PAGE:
Cold Cuts and Cancer Risk


Unveiling the Link Between Processed Meats and Colorectal Cancer

Hello friends,

Before you throw your ham or bologna sandwich in your lunchbox, you may want to reconsider the contents of your meal. Recent findings from the global research community indicate that regular consumption of processed meats can significantly impact our risk of developing colorectal cancer.

The Alarming Discovery

A comprehensive analysis conducted by the AICR/WCRF (American Institute for Cancer Research/World Cancer Research Fund) has shed light on the potential dangers lurking in our diets. Their report reveals that consuming even small amounts of cold cuts or other processed meats regularly can elevate the risk of colorectal cancer. Additionally, indulging in high quantities of red meat, exceeding 18 ounces per week, has also been linked to an increased risk of this form of cancer.

The findings don’t stop there. Processed meat, in addition to its connection to colorectal cancer, may also elevate the risk of heart disease, adding another layer of concern to this dietary dilemma.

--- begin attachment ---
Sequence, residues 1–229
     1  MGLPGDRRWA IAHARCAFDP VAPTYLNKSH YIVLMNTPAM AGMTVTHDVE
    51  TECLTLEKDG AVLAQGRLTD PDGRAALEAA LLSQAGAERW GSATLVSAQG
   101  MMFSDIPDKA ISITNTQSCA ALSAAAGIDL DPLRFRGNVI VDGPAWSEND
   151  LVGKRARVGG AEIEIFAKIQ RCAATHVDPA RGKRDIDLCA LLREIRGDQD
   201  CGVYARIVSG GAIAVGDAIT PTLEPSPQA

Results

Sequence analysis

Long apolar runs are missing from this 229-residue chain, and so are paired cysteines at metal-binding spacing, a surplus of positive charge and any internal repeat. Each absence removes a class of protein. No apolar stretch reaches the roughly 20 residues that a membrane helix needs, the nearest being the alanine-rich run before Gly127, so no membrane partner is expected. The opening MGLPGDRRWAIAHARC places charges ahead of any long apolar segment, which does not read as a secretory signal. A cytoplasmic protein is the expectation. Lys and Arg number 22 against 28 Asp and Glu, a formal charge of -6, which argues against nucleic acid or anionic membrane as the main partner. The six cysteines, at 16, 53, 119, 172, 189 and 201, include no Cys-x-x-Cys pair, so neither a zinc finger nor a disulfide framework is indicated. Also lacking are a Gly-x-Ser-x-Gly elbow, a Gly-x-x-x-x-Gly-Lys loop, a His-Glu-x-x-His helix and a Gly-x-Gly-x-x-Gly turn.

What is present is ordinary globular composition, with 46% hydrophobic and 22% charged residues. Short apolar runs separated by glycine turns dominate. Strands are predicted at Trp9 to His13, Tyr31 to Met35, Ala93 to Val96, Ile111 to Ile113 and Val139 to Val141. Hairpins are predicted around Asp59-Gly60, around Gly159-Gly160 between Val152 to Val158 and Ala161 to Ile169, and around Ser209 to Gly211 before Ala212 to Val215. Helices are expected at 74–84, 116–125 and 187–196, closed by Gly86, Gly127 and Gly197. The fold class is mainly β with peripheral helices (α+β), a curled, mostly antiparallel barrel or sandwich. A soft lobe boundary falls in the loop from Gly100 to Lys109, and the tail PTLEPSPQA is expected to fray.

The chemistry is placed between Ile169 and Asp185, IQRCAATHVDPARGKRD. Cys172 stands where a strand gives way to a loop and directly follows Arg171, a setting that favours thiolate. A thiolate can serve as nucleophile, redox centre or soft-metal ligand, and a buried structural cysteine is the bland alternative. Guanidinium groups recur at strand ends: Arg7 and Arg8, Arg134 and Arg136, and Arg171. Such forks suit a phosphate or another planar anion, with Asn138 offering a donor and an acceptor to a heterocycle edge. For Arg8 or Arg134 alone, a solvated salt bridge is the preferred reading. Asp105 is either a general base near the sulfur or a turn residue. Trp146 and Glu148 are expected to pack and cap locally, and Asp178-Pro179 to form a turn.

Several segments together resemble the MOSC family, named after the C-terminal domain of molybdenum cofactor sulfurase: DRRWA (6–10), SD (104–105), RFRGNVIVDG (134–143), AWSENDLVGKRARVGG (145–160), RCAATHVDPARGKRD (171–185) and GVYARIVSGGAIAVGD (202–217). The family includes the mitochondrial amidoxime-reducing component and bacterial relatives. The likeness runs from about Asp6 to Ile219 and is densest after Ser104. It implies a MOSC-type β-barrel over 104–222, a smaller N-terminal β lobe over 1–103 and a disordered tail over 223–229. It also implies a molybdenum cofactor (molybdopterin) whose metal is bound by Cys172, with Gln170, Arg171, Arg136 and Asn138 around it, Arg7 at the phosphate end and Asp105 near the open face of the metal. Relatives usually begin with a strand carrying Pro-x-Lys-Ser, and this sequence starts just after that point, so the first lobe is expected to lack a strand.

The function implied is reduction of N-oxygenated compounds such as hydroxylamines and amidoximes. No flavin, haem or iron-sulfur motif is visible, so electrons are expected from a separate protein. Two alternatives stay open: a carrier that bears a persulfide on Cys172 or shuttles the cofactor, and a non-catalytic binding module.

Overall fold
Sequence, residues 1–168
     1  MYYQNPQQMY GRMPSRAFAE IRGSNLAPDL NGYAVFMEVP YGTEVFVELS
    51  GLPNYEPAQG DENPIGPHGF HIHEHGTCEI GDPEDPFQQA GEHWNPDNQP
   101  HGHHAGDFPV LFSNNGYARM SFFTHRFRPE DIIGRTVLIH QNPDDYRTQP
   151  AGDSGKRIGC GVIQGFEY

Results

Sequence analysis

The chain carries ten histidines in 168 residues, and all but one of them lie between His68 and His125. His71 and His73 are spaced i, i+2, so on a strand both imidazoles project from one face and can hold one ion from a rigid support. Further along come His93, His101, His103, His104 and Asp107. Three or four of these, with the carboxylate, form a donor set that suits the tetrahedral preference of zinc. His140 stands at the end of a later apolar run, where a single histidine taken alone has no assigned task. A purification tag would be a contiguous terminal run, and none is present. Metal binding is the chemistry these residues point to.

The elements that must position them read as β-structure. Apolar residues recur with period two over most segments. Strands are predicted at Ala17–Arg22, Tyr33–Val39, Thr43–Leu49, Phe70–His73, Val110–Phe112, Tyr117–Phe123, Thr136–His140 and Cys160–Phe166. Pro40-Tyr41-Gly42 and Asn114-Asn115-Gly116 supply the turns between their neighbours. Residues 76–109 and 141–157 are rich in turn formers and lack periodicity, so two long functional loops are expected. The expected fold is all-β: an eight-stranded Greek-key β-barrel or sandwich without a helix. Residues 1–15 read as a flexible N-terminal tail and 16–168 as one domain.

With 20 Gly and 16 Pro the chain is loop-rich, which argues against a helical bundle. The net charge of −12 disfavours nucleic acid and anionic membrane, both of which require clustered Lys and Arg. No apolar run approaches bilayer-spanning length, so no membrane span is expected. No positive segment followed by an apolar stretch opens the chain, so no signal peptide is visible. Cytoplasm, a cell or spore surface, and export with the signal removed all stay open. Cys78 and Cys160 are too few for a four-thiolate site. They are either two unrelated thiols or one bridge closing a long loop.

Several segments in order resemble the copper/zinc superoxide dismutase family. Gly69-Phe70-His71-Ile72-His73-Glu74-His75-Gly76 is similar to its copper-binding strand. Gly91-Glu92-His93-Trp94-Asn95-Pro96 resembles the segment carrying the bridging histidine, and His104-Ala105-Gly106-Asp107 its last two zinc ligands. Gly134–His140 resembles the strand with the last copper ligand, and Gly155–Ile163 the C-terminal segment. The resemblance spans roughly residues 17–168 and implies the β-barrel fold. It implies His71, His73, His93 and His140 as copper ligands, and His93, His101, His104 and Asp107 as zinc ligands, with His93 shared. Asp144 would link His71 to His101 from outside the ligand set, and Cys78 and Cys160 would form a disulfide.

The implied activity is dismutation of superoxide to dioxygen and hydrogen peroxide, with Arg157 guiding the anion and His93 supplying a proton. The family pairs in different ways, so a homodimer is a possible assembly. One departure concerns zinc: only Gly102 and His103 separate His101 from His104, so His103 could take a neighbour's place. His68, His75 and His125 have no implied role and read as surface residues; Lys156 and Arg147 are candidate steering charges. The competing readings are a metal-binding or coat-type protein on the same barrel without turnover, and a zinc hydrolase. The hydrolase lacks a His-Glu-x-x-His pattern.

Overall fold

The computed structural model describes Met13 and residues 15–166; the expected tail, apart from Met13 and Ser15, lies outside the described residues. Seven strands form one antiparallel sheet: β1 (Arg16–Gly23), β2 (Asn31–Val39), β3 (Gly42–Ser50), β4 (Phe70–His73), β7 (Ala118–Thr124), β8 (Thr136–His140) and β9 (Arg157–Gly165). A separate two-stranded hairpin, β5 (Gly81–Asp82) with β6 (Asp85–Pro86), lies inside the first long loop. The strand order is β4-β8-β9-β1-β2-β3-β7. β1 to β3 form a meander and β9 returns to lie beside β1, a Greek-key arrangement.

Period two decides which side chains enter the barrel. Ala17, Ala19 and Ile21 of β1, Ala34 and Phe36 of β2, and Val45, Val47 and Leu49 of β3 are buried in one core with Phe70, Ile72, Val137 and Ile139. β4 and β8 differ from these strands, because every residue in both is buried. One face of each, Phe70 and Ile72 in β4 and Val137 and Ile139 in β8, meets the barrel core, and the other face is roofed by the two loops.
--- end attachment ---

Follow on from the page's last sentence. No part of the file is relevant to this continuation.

What Classifies as Processed Meat?

Processed meat is any meat (including fish) preserved by using smoking, curing, fermentation, salting, and/or the use of chemical preservatives.

Processed meats include a variety of familiar favorites:

  • Sausage
  • Bacon
  • Turkey bacon
  • Deli meats (even deli chicken or turkey)
  • Hot dogs
  • Smoked fish (lox)
  • Ham
  • Beef Jerkey
  • Pancetta
  • Pastrami
  • Pepperoni
  • Salami
  • Corned beef

Foods that are not considered processed meats include canned fish or chicken, rotisserie chicken, raw turkey, raw chicken, raw beef. A good rule of thumb when deciding if a meat is considered processed or not is to check if it is preserved with salting, curing, smoking, or fermenting and checking whether or not it has a long shelf life (multiple weeks). If something has a shelf life of a few days, chances are it is not a processed meat.

How Much Processed Meat Is Safe to Eat?

The research suggests that regularly including even small amounts of cold cuts, bacon, sausage, and hot dogs in your diet can elevate the risk of colorectal cancer. Consequently, the AICR recommends avoiding these processed meats in your regular diet, except for special occasions. The risk escalates as processed meat consumption increases, with studies revealing that consuming 3.5 ounces daily, equivalent to a large hot dog or 2-3 slices of luncheon meat, can increase colorectal cancer risk by a substantial 36%.